Published: 06:00, 03 May 2021
| Updated: 08:45, 04 May 2021
Today marks the beginning of Deaf Awareness Week.
The seven-day campaign allows different organisations to promote their own work.
Its chairman Louise Henley is keen to spread the message that services are easily accessible and life-changing to youngsters.
She started volunteering with the charity when her eldest son was diagnosed with moderate deafness.
The 44-year-old Tunbridge Wells' resident said: "I've been the chair of KDCS for the last 10 years and worked with them since I was 30.
"We are a very small registered charity and everyone that helps us are volunteers, parents of deaf children or professionals.
"At KDCS we welcome everyone and host activities across the county to children aged up to 18 open to all levels of deafness."
The charity does receive funding from Kent County Council and works alongside West Kent and East Kent Audiology departments.
KDCS offer free and discounted events for all ages such as mocktail making, visits to Lower Bush Farm in Cuxton, and watching Mister Maker performances at the The Marlowe Theatre in Canterbury, starring its patron, Phil Gallagher – AKA Mister Maker.
Louise added: "It is surprising that quite a lot of people haven't heard of us.
"We believe in the importance and benefit of deaf children spending time with other kids with the same conditions.
"A lot of children we work with often say they thought they were the only one who was deaf as many go to mainstream schools and live in families where everyone around them is hearing.
"The children of families we work with often have other additional needs too, deafness might not be a child's only issue."
In the future the charity hopes to do more work for kiddies who are also diagnosed with autism.
Tonbridge resident Vicky Maybury has been the office administrator at the charity for the last eight months.
The 38-year-old said: "It has been very challenging during the pandemic.
"We were aware that deaf children were stuck at home, sometimes in a noisy and busy environment, when they'd normally be at school.
"This could've been an isolating period for them so we wanted to make sure we gave them projects to keep them busy."
One of the charity's ideas to keep children occupied was the Sunflower Project.
A pack of seeds were sent to all of KDCS members and children were asked to update their progress on Facebook with pictures.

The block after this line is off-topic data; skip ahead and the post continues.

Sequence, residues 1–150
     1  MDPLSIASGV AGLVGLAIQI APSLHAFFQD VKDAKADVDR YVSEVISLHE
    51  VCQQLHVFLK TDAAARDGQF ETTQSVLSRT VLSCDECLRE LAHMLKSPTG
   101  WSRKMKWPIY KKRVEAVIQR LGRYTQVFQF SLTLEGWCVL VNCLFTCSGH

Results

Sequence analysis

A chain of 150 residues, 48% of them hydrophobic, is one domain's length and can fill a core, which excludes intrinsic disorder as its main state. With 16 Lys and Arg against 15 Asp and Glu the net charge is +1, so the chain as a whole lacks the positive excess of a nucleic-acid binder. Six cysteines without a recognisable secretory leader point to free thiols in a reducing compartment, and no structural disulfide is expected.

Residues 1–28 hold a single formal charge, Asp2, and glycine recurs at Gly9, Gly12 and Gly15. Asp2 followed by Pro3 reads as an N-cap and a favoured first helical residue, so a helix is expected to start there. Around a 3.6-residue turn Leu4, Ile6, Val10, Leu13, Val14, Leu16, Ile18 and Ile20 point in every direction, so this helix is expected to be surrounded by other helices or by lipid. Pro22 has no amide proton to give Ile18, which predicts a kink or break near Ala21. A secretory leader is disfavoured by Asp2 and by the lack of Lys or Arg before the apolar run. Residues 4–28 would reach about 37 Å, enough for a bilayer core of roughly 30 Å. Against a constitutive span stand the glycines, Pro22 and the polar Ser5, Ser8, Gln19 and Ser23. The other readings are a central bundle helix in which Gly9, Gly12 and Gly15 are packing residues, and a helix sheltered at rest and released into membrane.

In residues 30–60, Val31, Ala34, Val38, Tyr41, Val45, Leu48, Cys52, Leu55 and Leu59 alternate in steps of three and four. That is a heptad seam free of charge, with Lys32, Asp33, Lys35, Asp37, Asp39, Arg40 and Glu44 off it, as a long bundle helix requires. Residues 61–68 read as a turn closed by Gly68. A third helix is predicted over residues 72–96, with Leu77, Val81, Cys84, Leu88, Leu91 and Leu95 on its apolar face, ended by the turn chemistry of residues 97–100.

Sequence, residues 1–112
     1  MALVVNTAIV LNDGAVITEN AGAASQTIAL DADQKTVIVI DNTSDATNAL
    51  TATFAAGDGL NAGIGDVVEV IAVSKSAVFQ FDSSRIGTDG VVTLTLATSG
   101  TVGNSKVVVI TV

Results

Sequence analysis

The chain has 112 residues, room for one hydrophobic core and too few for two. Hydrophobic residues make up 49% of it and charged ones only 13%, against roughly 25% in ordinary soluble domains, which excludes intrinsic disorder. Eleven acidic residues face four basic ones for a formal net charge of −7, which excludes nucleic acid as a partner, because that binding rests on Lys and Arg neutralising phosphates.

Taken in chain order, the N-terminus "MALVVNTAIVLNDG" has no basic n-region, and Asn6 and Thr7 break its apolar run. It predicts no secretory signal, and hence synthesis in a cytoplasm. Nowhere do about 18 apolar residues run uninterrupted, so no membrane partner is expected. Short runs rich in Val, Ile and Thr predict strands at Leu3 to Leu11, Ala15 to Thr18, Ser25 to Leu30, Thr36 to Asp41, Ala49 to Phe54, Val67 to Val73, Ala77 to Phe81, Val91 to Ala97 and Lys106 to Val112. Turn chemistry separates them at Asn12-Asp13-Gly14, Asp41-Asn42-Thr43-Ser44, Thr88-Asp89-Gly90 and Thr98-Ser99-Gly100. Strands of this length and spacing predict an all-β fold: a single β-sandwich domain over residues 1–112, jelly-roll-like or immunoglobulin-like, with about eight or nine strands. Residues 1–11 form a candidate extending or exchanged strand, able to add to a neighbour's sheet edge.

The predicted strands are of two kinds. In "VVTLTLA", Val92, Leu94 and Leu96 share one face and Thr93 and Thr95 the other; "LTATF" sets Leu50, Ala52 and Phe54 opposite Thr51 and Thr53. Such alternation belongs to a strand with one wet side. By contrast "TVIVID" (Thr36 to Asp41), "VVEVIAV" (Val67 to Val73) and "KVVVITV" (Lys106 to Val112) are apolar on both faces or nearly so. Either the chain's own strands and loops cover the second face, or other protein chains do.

They also hosted an online rock choir programme where a qualified British Sign Language teacher got members involved over Zoom.
Louise added: "When my son was diagnosed I was on a journey to raise my signing confidence.
"A lot of families have so many appointments to attend and work to do when their child has been diagnosed as deaf.
"Although joining a group may seem like the last thing you want to do it can be really beneficial.
"Deaf children benefit from being with other deaf children and speaking to other parents can also help, all of this is done while being in a fun, social environment.
"You can learn a lot through other families and the kids love it, it is wonderful, especially now we are able to do activities outside again."
Currently KDCS has 150 families signed up for its membership programme and is hoping to accept more through its online sign up.
Louise said: "We usually host something every weekend and also host award ceremonies and other activities that engage all ages.
"We are always very grateful for donations and have some amazing fundraising going on at the moment.
"I get that parents may not like the idea of socialising with others at first, feeling like everyone there already knows each other and you'll feel left out but we work really hard to make sure no one feels like that.
"Be brave and have a go, sign up as KDCS might be the answer for your family.
"Your child might be the only deaf pupil at their school and they may feel alone so we hope their families will seek us out."
If you would like to find out more about Kent Deaf Children's Society visit kdcs.org